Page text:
Article Publish Status: FREE
Abstract Title:

Effect of labour induction on rates of stillbirth and cesarean section in post-term pregnancies.

Abstract Source:

CMAJ. 1999 Apr 20 ;160(8):1145-9. PMID: 10234344

Abstract Author(s):

A K Sue-A-Quan, M E Hannah, M M Cohen, G A Foster, R M Liston

Article Affiliation:

Department of Obstetrics and Gynaecology, Sunnybrook&Women's College Health Sciences Centre, Toronto, Ont.


BACKGROUND: Meta-analyses of randomized controlled trials suggest that elective induction of labour at 41 weeks' gestation, compared with expectant management with selective labour induction, is associated with fewer perinatal deaths and no increase in the cesarean section rate. The authors studied the changes over time in the rates of labour induction in post-term pregnancies in Canada and examined the effects on the rates of stillbirth and cesarean section.

METHODS: Changes in the proportion of total births at 41 weeks' and at 42 or more weeks' gestation, and in the rate of stillbirths at 41 or more weeks' (versus 40 weeks') gestation in Canada between 1980 and 1995 were determined using data from Statistics Canada. Changes in the rates of labour induction and cesarean section were determined using data from hospital and provincial sources.

RESULTS: There was a marked increase in the proportion of births at 41 weeks' gestation (from 11.9% in 1980 to 16.3% in 1995) and a marked decrease in the proportion at 42 or more weeks (from 7.1% in 1980 to 2.9% in 1995). The rate of stillbirths among deliveries at 41 or more weeks' gestation decreased significantly, from 2.8 per 1000 total births in 1980 to 0.9 per 1000 total births in 1995 (p<0.001). The stillbirth rate also decreased significantly among births at 40 weeks' gestation, from 1.8 per 1000 total births in 1980 to 1.1 per 1000 total births in 1995 (p<0.001). The magnitude of the decrease in the stillbirth rate at 41 or more weeks' gestation was greater than that at 40 weeks' gestation (p<0.001). All hospital and provincial sources of data indicated that the rate of labour induction increased significantly between 1980 and 1995 among women delivering at 41 or more weeks' gestation. The associated changes in rates of cesarean section were variable.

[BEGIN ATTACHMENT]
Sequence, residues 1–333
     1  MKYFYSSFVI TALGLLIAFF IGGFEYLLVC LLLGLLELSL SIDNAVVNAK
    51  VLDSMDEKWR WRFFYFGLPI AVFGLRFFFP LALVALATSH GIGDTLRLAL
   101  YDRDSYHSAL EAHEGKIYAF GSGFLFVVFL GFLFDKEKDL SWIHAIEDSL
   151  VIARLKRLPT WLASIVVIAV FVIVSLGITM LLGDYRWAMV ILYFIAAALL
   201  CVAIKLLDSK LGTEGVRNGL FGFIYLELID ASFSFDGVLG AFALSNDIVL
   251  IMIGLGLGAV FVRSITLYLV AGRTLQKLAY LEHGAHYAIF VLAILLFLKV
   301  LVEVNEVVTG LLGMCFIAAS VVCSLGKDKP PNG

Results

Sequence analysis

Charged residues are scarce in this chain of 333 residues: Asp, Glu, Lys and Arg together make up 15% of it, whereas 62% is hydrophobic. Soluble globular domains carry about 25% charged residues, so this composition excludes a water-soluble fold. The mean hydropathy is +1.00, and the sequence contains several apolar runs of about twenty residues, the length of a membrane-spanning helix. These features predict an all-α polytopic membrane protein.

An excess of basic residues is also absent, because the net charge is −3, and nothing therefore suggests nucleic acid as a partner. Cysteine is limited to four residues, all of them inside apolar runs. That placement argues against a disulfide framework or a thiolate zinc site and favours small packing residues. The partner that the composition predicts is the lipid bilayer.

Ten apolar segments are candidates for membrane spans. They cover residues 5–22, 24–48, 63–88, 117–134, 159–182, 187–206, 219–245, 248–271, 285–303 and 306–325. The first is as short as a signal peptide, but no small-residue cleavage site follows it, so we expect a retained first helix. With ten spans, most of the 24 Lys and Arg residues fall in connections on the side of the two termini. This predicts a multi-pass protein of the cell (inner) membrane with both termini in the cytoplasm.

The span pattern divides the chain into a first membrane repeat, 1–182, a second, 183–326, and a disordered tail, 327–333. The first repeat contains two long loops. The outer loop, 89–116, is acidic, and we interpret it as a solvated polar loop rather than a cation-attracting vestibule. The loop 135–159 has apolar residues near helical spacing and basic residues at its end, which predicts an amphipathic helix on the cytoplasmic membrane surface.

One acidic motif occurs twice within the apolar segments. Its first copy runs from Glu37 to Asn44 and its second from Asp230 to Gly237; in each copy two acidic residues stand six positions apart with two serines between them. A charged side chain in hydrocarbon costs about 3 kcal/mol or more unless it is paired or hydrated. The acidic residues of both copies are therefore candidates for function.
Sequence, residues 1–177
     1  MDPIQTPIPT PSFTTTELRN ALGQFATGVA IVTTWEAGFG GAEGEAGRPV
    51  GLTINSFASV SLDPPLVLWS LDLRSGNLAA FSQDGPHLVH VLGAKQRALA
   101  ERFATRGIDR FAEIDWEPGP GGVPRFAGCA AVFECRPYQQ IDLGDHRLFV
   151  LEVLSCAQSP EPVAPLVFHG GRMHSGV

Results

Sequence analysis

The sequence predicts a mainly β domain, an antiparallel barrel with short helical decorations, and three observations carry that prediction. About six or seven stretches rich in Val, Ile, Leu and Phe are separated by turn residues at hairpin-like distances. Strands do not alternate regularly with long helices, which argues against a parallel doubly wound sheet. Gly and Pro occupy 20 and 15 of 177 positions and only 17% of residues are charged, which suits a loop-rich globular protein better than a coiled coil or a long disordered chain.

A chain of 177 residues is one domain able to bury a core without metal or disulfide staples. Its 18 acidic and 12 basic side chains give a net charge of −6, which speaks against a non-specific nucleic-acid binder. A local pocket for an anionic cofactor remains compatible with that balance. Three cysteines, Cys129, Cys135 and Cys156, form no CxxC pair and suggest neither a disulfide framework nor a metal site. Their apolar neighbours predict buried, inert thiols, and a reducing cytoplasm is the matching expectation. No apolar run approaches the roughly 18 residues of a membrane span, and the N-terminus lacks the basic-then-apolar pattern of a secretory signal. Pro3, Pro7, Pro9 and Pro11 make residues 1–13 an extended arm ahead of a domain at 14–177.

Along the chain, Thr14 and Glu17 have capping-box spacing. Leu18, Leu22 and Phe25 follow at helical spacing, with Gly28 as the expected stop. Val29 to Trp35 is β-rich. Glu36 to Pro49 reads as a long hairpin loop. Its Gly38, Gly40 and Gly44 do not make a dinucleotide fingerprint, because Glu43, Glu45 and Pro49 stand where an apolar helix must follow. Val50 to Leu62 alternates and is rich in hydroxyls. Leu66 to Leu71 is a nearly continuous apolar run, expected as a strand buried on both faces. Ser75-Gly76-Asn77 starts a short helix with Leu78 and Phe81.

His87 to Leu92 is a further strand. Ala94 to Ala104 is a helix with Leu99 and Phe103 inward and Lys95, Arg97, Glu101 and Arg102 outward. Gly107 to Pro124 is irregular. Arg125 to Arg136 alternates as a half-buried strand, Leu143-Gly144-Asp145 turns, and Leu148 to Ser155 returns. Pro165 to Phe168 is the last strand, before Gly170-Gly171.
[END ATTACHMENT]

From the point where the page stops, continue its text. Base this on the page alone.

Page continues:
INTERPRETATION: Between 1980 and 1995 clinical practice for the management of post-term pregnancy changed in Canada. The increased rate of labour induction at 41 or more weeks' gestation may have contributed to the decreased stillbirth rate but it had no convincing influence either way on the cesarean section rate.

Study Type : Review

Print Options

Sayer Ji
Founder of

Subscribe to our informative Newsletter & get Nature's Evidence-Based Pharmacy

Our newsletter serves 500,000 with essential news, research & healthy tips, daily.

Download Now

500+ pages of Natural Medicine Alternatives and Information.

This website is for information purposes only. By providing the information contained herein we are not diagnosing, treating, curing, mitigating, or preventing any type of disease or medical condition. Before beginning any type of natural, integrative or conventional treatment regimen, it is advisable to seek the advice of a licensed healthcare professional.

© Copyright 2008-2022, Journal Articles copyright of original owners, MeSH copyright NLM.